Sacroiliac joint pain may be what’s causing your lower back discomfort. Find out how to remedy it here.
In this article:
- What Is a Sacroiliac Joint?
- Is Sacroiliac Joint Disease Painful?
- What Causes Sacroiliac Joint Pain?
- How Is Sacroiliac Joint Pain Diagnosed?
- What Sacroiliac Joint Provocative Tests Are There?
- What Sacroiliac Joint Pain Relief Options Are There?
A Guide to Sacroiliac Joint Pain
What Is a Sacroiliac Joint?
The sacroiliac joint is also known as the SI joint. It is located in between the sacrum and the pelvis. This joint supports the weight of the upper body and connects the left and right ilium bones of the pelvis.
Is Sacroiliac Joint Disease Painful ?
The most common description for sacroiliac joint pain is “lower back pain”. It is characterized by the following:
- Sharp, stabbing pain in the groin, thighs, and buttocks. This type of pain is described as sciatic-like and hot. There is also a tingling and numbing sensation in the areas.
- Stiffness. This causes less movement in the lower back, making walking up the stairs or bending down difficult.
- Pain that worsens with activity. Activities such as climbing stairs, jogging, walking, or putting weight on one side can add pain to the sacroiliac joint.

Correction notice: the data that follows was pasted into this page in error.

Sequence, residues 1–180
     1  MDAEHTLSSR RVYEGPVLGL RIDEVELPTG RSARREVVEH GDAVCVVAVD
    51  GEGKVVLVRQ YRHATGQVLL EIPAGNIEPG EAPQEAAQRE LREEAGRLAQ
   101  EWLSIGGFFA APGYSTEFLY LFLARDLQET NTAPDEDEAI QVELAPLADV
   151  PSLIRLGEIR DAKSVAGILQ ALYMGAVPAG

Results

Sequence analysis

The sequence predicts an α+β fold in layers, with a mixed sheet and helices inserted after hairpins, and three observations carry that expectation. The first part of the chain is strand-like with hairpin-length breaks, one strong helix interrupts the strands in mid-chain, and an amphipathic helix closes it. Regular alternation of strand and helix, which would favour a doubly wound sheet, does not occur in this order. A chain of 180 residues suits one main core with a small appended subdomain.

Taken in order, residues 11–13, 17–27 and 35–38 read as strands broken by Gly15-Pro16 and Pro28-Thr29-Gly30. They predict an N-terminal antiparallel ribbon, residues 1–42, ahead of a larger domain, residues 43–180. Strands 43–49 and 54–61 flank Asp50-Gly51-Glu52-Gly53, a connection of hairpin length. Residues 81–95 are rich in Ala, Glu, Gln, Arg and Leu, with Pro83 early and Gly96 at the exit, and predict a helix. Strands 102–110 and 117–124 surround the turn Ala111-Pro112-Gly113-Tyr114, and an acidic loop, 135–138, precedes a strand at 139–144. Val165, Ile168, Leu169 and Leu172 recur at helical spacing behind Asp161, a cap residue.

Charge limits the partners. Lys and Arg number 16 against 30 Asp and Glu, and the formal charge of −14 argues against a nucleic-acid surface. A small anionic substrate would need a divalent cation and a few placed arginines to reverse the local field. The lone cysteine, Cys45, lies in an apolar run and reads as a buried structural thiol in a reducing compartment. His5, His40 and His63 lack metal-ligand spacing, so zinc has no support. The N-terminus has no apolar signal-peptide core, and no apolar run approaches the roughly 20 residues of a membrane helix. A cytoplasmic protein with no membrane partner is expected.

- Feeling unstable in the pelvis and/or lower back. People with this condition feel like their pelvis will buckle when standing, walking, or moving from a standing to a sitting position.
What Causes Sacroiliac Joint Pain?
Sacroiliac joint pain is caused by several factors. The most common cause is when the cartilage covering the bone becomes damaged or worn out.
This causes the bones to rub against each other and degenerative arthritis occurs. Others include:
During pregnancy, the ligaments holding the SI joint becomes relaxed in preparation for childbirth. This causes additional motion in the joints that adds stress and abnormal wear.
Pregnant women gain weight and change their walking patterns which brings additional stress to the sacroiliac joints.
- Existing inflammatory disorders.
- Gait issues.
For patients with scoliosis or leg length discrepancy, the uneven pressure on the pelvic area can cause sacroiliac joint pain.
- Previous lower back surgery.
A study on risk factors for sacroiliac joint pain shows fusion surgery displaces pressure on the joints. Hip replacement surgery and bone grafts also cause sacroiliac joint pain.
- Sports injury.
Activities that repeatedly add pressure to the joints can lead to sacroiliac joint pain such as contact sports, heavy lifting, or labor-intensive jobs.
- Improper posture.
Posture plays a big role in keeping our bones and joints healthy. Years of improper posture can strain the spine and joints causing pain and inflammation.
How Is Sacroiliac Joint Pain Diagnosed?
A rheumatologist can recommend several tests to check the cause of sacroiliac joint pain:
- An X-ray exam which will show the bones in the hip area.
- A CAT or CT scan can provide a more detailed look of the patient’s joints and bones.